Slowdive – Rutti

The Small Faces, Kanye West and more…

The Small Faces – “Itchycoo Park” (1967)

Mod poppers, the Small Faces, are the most criminally underappreciated band of the ’60s. Their blend of gritty soul, British pop, English psychedelia, and East End vaudeville has been hugely influential on a wide range of artists following in their wake, including most obviously the Jam, but also a group as seemingly far afield as Led Zeppelin. There are times when Robert Plant’s phrasing so closely approximates Steve Marriott’s that it makes you think the Led Zep main man learned a lot of his tricks from the lead Face. Many Small Faces tunes make for fine summer fare, but none is more perfectly suited to bright and relaxing days than “Itchycoo Park”, an ode to whiling away one’s day under the leafy trees, perhaps with a bit of chemical enhancement (always a mod favorite), enjoying a state of bliss. The tune is reportedly a tribute to London’s Little Ilford Park, near where Marriott grew up and, another interesting tidbit, the song was banned at one point by the BBC for “drug references”. You think? It’s “all too beautiful”, indeed. Sarah Zupko


Teenage Fanclub – Songs from Northern Britain (1997)

Really, I could have chosen almost any album from the endlessly sunny, effortlessly melodic Fannies, but despite including a song named “Winter”, this is the one that makes me think of summer the most. Partly, I’m sure, because of the blue sky on the cover and Gerard Love singing about “summer in the city” on the sweetly melancholic “Ain’t That Enough”. But mostly because Love, Norman Blake, and Raymond McGinley write and sing songs that, even when they’re sad, have a certain core of warmth and optimism that seems perfect for the warm weather and lessened responsabilities of summer. It helps that Songs from Northern Britain sounds great when you’re blasting a song like McGinley’s “I Don’t Care” (actually a love song) in the car, driving down the road with the windows down. Ian Mathers


The Very Best – Warm Heart of Africa (2009)

Listening to The Very Best is like getting a shot of pure dopamine right into your veins. Their free mixtapes do the trick, but the group’s official debut album, Warm Heart of Africa, goes a step further. Vocalist Esau Mwamwaya has a preternatural gift for melody, and his strong, clear voice shows his unbridled enthusiasm for Belgian duo Radioclit’s maximalist production work. Mwamwaya sings in a mix of English and his native Chichewa, the language of Malawi. But don’t worry if you don’t speak Chichewa — here, ignorance works to one’s benefit, turning Mwamwaya’s syllables into the sound of pure, unadulterated joy. Crank “Yilara”, “Cholo”, “Julia”, and any other of these bangers, and just let the world melt away. Corey Beasley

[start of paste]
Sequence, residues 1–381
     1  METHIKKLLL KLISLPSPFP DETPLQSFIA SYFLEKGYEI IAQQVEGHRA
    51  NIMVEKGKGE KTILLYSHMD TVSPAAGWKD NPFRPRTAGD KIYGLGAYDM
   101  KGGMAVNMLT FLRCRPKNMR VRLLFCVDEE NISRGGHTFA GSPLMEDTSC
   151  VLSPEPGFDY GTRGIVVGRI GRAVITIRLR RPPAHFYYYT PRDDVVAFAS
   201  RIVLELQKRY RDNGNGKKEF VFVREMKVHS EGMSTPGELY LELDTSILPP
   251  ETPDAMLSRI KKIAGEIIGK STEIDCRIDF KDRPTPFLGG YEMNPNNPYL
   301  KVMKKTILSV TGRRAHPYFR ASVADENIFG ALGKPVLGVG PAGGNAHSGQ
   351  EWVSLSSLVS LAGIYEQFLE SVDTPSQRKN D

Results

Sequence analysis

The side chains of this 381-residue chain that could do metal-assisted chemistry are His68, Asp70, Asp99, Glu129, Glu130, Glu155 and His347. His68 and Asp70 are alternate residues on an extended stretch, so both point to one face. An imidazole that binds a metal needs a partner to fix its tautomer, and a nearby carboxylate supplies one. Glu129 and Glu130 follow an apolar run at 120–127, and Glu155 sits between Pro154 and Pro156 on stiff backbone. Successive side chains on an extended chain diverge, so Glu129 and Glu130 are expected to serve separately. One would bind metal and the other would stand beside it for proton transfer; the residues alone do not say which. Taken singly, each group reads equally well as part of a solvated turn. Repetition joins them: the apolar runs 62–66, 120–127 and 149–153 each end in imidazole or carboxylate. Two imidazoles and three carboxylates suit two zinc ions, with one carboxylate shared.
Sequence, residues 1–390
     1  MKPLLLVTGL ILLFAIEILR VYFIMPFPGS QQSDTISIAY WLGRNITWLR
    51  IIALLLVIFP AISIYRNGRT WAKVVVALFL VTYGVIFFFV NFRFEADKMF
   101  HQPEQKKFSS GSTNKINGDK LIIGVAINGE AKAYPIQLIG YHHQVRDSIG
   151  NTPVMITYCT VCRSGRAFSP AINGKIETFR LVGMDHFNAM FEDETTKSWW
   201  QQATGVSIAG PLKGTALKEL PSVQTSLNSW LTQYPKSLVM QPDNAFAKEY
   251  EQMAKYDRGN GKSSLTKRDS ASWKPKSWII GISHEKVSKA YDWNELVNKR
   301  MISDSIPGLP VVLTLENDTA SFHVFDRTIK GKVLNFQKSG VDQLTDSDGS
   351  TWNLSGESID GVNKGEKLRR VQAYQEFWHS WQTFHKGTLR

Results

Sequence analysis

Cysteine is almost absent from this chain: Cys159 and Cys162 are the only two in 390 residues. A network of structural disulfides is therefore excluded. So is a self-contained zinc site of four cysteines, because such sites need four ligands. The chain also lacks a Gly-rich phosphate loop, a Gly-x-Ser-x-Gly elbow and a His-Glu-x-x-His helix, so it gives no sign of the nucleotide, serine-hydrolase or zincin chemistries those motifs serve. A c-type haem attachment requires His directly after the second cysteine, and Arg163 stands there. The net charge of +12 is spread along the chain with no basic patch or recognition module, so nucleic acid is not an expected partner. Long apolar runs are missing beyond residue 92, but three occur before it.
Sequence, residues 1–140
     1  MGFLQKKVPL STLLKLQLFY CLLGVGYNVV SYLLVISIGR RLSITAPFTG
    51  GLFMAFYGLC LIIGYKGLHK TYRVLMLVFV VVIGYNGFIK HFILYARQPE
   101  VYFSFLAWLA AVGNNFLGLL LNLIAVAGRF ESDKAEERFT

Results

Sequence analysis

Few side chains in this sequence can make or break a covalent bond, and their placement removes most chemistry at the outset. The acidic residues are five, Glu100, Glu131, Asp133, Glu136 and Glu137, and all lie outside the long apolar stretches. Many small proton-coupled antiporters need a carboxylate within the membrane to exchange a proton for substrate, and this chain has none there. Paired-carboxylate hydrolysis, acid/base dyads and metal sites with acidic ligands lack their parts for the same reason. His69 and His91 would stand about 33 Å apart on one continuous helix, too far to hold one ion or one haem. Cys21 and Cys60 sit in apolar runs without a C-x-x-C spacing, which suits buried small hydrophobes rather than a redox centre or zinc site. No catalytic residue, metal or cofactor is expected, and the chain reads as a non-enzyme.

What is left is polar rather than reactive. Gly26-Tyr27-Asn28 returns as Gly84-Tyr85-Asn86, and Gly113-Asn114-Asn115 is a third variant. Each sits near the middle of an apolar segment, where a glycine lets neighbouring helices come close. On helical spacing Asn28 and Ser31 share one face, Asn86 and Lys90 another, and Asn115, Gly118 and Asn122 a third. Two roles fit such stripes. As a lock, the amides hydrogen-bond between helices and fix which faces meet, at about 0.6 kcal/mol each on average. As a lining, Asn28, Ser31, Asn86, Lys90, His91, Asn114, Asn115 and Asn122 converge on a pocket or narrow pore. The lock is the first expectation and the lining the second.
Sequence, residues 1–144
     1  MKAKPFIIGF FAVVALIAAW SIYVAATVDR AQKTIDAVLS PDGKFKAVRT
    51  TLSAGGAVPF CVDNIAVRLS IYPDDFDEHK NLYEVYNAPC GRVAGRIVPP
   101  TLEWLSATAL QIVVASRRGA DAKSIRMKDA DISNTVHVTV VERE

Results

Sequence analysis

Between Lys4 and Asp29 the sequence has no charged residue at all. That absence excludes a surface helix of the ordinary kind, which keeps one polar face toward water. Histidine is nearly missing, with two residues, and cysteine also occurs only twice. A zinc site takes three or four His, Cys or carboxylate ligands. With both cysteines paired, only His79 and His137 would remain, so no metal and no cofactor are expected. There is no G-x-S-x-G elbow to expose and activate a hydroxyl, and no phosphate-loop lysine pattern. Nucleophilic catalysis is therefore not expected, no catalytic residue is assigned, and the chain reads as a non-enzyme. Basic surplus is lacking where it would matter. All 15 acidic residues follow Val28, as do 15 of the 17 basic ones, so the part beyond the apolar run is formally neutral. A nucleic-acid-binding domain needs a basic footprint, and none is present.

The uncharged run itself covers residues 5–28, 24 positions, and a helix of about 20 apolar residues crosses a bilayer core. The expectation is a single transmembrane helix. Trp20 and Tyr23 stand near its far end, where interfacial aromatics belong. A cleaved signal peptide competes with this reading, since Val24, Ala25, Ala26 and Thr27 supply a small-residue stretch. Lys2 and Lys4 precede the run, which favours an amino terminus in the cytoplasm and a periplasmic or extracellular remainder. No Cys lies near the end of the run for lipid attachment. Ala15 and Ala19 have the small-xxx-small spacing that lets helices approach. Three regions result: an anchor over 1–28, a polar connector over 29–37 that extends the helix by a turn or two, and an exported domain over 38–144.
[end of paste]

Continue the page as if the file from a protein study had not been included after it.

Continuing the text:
Kanye West — Graduation (2007)

While perhaps not Kanye’s best album, Graduation is certainly his most celebratory, coupling the richest tones of “retro” synth-pop and the sheer largeness of arena rock and applying both to modern hip-hop. “Stronger” was the big summer single, but the “summer party” vibe is thorough: the fluid delivery in “Champion” or “Flashing Lights”, the buoyant joy of “Good Life” or “The Glory”. If memory serves, the summer and fall of 2007 seemed invigorated and optimistic, at least by pop culture’s terms — it was as though the anxiety of previous years had been briefly alleviated, as if we were all “graduating”. (It was even released on September 11.) Graduation seems tailor-made to represent the very best of being free and confident in the 2000s — whether we were or not. Confidence can sometimes be integral for a great summer. Nathaniel Wisnicki


The Who – Quadrophenia (1973)

“The beach is a place where a man can feel he’s the only soul in the world that’s real…” The Who’s masterwork Quadrophenia could almost be described as “accidental beach music”. Most of the narrative details the mercurial urgencies of young Jimmy, the disenchanted Mod. As such, the words and sounds and feelings are alternately frantic and claustrophobic — the story of a sensitive, chemically altered teenager uncomfortable inside his skin. There is only one release for him: the beach. The album opens with crashing waves and ends with electrified air of a summer storm; in between there are seagull chirps, scooters careening out of the city into open spaces, and bass drum thunder and cymbal-splash raindrops. The album, like the protagonist’s mind, wrestles with itself and rises and falls like the moods of adolescence, until the fever breaks, the skies open and the air is dark, cool and clear. Sean Murphy


Lucinda Williams – Car Wheels on a Gravel Road (1998)

Need pitch-perfect tunes for a summer road trip? Look no further than Lucinda Williams’ finest, Car Wheels on a Gravel Road. William’s sad sweet country songs are perfect for driving: it only takes a line to get the listener in the passenger’s seat beside her on country routes early in the morning, or crossing Lake Ponchatrain in a yellow El Camino. Williams takes us places we’ve never been and makes us feel at home while we’re there. The lyrics combine melancholy and nostalgic storytelling that so many country singers chase, while also being immensely sing-a-long-able. I first heard Car Wheels driving through Utah and Colorado with my dad when I was 15. We got the sense that Williams is letting us in on a secret, something good. Car Wheels is a rambling angst-ridden letter to listeners. It’s the kind of album we return to — a rare collection of songs that stays true across moods, seasons, and years, but it’s best heard in the summertime, driving with the top down. Adele Melander-Dayton